Street Hunter may not be for everyone, but if you enjoy low-budget vigilante films, this one delivers the goods tenfold. It oddly reminded me a lot of the Maniac Cop films for some reason. It's made and handled exceptionally well and James is given his prime moment to shine, literally just killing it with ease every second he's on screen. It's a shame this film isn't more well known, easy to come by or that it didn't spawn a franchise. It certainly deserves all of those things and I wish more people had the opportunity to see this. I'd personally love to see it get a decent release, even if it's a foreign Blu Ray release, like say from Germany (they've been killing it lately with hard to find films being released in HD and in widescreen for the first time), since it's never gotten one other than VHS here in the states.

But there is some good news. You can currently rent it on Amazon to stream for just a few bucks, which is how I saw it. It's not available for free on their Prime service, but still, $3 to rent for 30 days is one helluva killer deal. The quality was pretty good too, considering.


90's Action Attack: McBain

Legendary Action Filmmaker James Glickenhaus Delivers Another Action Classic with this Under The Radar Gem

by robotGEEK

When I recently watched the James Glickenhaus classic Shakedown for the very first time (finally!), I immediately fell head over heels in love with his very special brand of action filmmaking. That led me to dig into his very short list of films he made as a director, which included Jackie Chan's The Protector (LOVE!!), the arthouse action/thriller The Soldier, and of course, Shakedown, hands-down one of the best action/thrillers to come out of the 80's. This amazing journey then led me to this, his first and only 90's full-on action/thriller. The funny thing is that I had always been aware of this film, even seeing it numerous times at the video store, but had no idea it was a James Glickenhaus film. But I guess I can say that about all of his films.

Released in 1991, McBain tells the story of Robert McBain, a vietnam vet working construction in New York who bands together with his old vietnam war buddies to take down a Colombian dictator who was responsible for the death of one of their former own.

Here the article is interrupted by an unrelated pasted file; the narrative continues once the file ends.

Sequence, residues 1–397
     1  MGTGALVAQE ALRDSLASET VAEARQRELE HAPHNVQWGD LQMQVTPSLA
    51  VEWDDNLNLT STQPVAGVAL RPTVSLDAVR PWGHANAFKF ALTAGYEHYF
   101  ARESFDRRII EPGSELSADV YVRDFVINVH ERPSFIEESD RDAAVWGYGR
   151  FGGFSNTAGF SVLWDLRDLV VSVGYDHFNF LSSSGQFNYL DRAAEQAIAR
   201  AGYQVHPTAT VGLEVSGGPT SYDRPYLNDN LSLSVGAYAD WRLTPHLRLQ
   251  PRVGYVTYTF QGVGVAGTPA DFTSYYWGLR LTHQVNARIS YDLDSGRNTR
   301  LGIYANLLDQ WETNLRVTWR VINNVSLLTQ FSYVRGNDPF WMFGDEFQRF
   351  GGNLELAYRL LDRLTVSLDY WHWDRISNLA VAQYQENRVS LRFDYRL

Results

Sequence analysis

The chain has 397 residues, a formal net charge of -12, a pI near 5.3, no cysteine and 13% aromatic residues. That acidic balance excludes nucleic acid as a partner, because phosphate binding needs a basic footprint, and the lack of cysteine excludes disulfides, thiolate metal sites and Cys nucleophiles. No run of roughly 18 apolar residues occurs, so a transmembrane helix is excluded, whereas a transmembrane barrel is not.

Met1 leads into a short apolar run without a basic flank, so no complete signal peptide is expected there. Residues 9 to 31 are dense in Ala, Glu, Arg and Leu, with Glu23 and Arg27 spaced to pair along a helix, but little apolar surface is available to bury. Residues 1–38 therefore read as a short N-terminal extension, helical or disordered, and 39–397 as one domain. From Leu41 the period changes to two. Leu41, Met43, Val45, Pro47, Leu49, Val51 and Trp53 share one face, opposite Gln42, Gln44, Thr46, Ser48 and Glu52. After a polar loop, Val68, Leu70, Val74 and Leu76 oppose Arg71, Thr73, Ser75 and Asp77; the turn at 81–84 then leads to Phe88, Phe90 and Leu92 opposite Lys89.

I loved this one. Not only is it classic Glickenhaus all the way, the casting is especially special here. For starters, we have the legendary Steve James (American Ninja, Street Hunter), getting more screen time than we've been acustomed to as a supporting player, because more Steve James in any film is always a good thing, but we also have Michael Ironside, Maria Conchita Alonso and a roster of other notable character actors. And I  never would have figured Walken for this kind of role, but he handled it like a true badass and a pro.

The film starts with a bang as we're thrown head-first into a rescue mission in Vietnam, and I must say, it was damn impressive in it's execution. Glickenhaus has a very specific way of directing and shooting action sequences, and he did not disappoint here. We're then transported to the present day New York City circa 1991, and then to Columbia where this group of men, now older, wiser and somewhat bored with their professional lives, attempt to exact revenge for the murder of their brother by taking down a ruthless dictator.

Whether shooting in the jungles of Columbia, the streets of New York, or even all the way over in Hong Kong, Glickenhaus just knows how to shoot an amazing action sequence. It's a shame that this would be his last hurrah in terms of action/thrillers, as the last few films he made after this were easily forgotten, and not within the action/thriller genre. But hey, at least we still have a strong handful of classics we can keep going back to.